''Dad's life was coaching,'' Walsh said, ''and it was a gift to all who are here tonight.''
Bill Olson recalled his dad's keys to success: ''First to arrive, last to leave and work harder than anyone in between.''
Olson also recalled how his father incorporated pride, sacrifice and courage into his daily life.
''He didn't say those words, he lived them everyday,'' he said. ''He treated everyone with respect and dignity.''
Lefford Edborg: Gary and Barb Lefford accepted for their daughter, a talented softball player at Falconer Central School, Erie Community College and Ashland University.
Gary Lefford recounted his daughter's accomplishments on the diamond, including the time she was affectionately called ''Hoover'' by a pair of U.S. Olympians who were playing Heather's Buffalo-based touring team.
The reason for the nickname? They couldn't hit anything by her.
''I feel the (Chautauqua Sports Hall of Fame) should be used as an incentive for our young people,'' Gary Lefford said. ''They, too, could be (Hall-of-Famers) one day.''
Ulrich: Trevor Hitchcock, a former Fredonia State All-American track and field athlete, accepted for his coach.
''In every situation he always gave all of himself, because there was never any other option,'' Hitchcock said. ''He pushed and encouraged us to be the best we could be.''
Ulrich, who coached the Blue Devils from 1974-1998, produced 68 All-Americans, five national champions and 27 New York State Collegiate Track and Field Conference men's championships and 35 SUNY championships.
Schuster Morrison: John Crawford, the former Fredonia Central School swim coach, accepted for his record-setting diver, who earned all-state honors in high school and was an All-American at the University of Miami.
Crawford recalled how he received an unexpected knock on the door one day from Mike Tramuta, who was touting the diving talents of Schuster Morrison when she was still in junior-high school.
''(Tramuta) said, 'You're coming with me. I have an eighth-grade diver at Fredonia High School,'' Crawford said. ''And so, the relationship began.''
The rest is history.
Gawronski Tickle: A decorated softball and soccer player, Gawronski played both sports at the highest levels during her years growing up in Dunkirk and finally at Union College where she is regarded as one of the finest student-athletes in school history.
A resident of Encinitas, California, Gawronski Tickle has worked for the United States Olympic Committee and currently employed by Advanced Biologics as a sales and marketing project manager in Carlsbad, California.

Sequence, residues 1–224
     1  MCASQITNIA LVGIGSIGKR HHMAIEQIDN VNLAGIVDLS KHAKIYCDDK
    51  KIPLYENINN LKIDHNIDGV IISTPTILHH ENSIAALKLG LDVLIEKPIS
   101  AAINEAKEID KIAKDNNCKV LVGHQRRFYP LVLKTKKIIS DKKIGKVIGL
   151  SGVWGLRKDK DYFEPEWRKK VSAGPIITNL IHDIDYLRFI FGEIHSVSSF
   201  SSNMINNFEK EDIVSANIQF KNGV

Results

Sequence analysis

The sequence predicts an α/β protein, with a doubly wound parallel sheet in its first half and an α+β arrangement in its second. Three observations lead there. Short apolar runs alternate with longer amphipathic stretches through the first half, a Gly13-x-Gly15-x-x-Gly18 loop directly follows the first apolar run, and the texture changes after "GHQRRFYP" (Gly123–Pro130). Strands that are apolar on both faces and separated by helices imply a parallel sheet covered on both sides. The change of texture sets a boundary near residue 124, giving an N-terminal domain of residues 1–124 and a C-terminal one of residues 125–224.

Gawronski Tickle credited her parents for helping her reach her goals.
''My dad only missed one game in my college career,'' she said. ''That's 223 games you got through.
Hoard: The radio voice of the Cincinnati Bengals and the Cincinnati Bearcats football and basketball teams, Hoard has also made stops in Syracuse and Pawtucket, Rhode Island during a career that spans three decades. It was capped last year when he was named the Ohio Sportscaster of the Year by a group of his peers.
In a humorous talk, Hoard poked fun at his athletic prowess, for following teams that have yet to win a championship and for his on-air gaffes during his first professional radio broadcast for the Syracuse minor league baseball team.
As he wrapped up his talk, Hoard grew serious.
''We are all a product of how we were raised and I'm so lucky to be from Chautauqua County,'' he said. ''No matter where my travels take me, this will always be home.''
Rappole: A wildly successful cross country coach at Maple Grove Junior-Senior High School, Rappole has also made his mark nationally in age-group races he has entered over the years, including becoming a two-time Masters national champion in 2015.
''I ran with the kids, loved the kids and I had great captains,'' Rappole said. ''The captains would get the younger kids to show up and start running, and they just kept getting better and better.
''It had little to do with my coaching.''
The host of family and current and former runners in attendance would no doubt disagree with that assessment.
Before Rappole left the podium, he turned to Beebe and offered some parting words.
''I know you won your ring in Green Bay,'' he said, ''but you won our hearts here (when you were) in Buffalo.''
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We gratefully acknowledge these individuals and organizations for their generous support.